As the dust settles on the financial downturn of 2009, the US wind industry is facing lean times and diminished demand for electricity. At the same time it is nurturing a growing manufacturing sector tasked with lowering overall costs through turbine innovation and supply-chain localisation — and a market that is likely to be half the anticipated size.
Although the price of equipment has fallen 25%, original equipment manufacturers (OEMs) are itching to make more and bigger machines. GE Energy claimed half of US turbine installations in 2010 but some 20 other companies installed machines in the country last year.
Yet the perennial 10GW bonanza projected before the downturn is likely to be closer to 5GW, at least for the next few years. While a cogent national energy policy could open those 10GW floodgates, ongoing political chaos leaves state renewable energy standards to create a relatively modest 20-year base market as OEMs and developers tighten their belts and move forward.
Patchy supply chain
To a large degree, the US supply chain has evolved haphazardly, with manufacturing hubs built around pockets of wind development in states that embraced renewable targets early on. OEMs that chose those regions for turbine-making shops spun webs of component-making facilities in close proximity.
As of last year, more than 400 domestic companies were producing many of the 8,000 turbine components. But the expected expansion of global suppliers into the US market has largely failed to materialise, leaving a supply chain with plenty of basic components and well-fed blade and tower makers, but lacking the gearboxes, generators and large casting parts that are key elements of the inevitable parade of ever-larger machines.
"A lot of the biggest investments have already been made in tower and blade production facilities and nacelle assembly operations," says Dan Radomski, co-founder of Kinetik Partners, a clean-energy market consultancy. Many of the established suppliers of major components that have not committed to building a facility in the US are now reluctant to do so, he says. With those major components often arrive from Europe and China, plans for US facilities stay on the drawing board. American foundries that can churn out the massive castings for bedplates, hubs, and generator and gearbox housings may eventually be increased, but for now remain few and far between.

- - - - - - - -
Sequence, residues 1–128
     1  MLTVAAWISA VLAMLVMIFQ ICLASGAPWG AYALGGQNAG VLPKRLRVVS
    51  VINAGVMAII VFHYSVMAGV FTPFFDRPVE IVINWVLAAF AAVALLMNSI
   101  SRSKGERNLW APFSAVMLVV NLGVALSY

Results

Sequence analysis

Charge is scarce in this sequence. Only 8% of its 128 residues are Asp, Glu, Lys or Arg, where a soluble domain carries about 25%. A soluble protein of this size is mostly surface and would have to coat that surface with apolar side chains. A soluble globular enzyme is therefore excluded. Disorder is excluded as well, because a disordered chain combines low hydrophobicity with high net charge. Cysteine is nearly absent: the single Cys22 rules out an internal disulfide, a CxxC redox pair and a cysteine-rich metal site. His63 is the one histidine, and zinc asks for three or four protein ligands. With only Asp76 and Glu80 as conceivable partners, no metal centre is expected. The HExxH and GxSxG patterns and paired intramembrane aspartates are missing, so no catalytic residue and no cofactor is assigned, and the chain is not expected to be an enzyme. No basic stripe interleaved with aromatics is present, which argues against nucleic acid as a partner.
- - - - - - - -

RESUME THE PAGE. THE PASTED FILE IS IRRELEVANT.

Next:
"The downturn really hurt, because a lot of suppliers were on the fence and just about ready to make those investments," says Dan McDevitt, vice president of supply management for German turbine maker Nordex. Now, with many more turbine manufacturers producing in the US, customers want to know what is being done to increase local content and localise components.
Nordex has been building 2.5MW turbines for the US market at its Arkansas factory since last October, with plans to produce 114 machines this year and up to 300 in each of the next few years. But, despite adding local suppliers every month, the company has yet to find a domestic gearbox solution, so increasing its US-built content from nearly 70% at present is unlikely in the short term. "It could take two to three years to do a design with a local gearbox supplier and go through the prototype and field-testing stage and everything else involved," McDevitt says. "That’s the reality of it."
Siemens, another German OEM, opened a nacelle facility in windy Kansas late last year. Second only to GE, Siemens captured more than 16% of the US turbine market in 2010 and produces blades domestically. "That does mean more supply chain," says Kevin Hazel, the company’s vice-president of supply chain management. "And we’ve localised more and more of it."
The quest for local suppliers will play an increasing role as Siemens moves to its 3MW direct-drive turbine, launched last year. Some components are the same as those in its geared turbines but others require significant variations. The generator is a major departure from geared machinery. "I need a different supply chain for that," says Hazel.
Some cost-saving solutions come from engineering. "Our 3MW direct drive is lighter than our 2.3MW geared machine," Hazel says. "For the nacelle, we’ve actually done a good thing in terms of needing trucks with fewer axels than we need for the geared machine."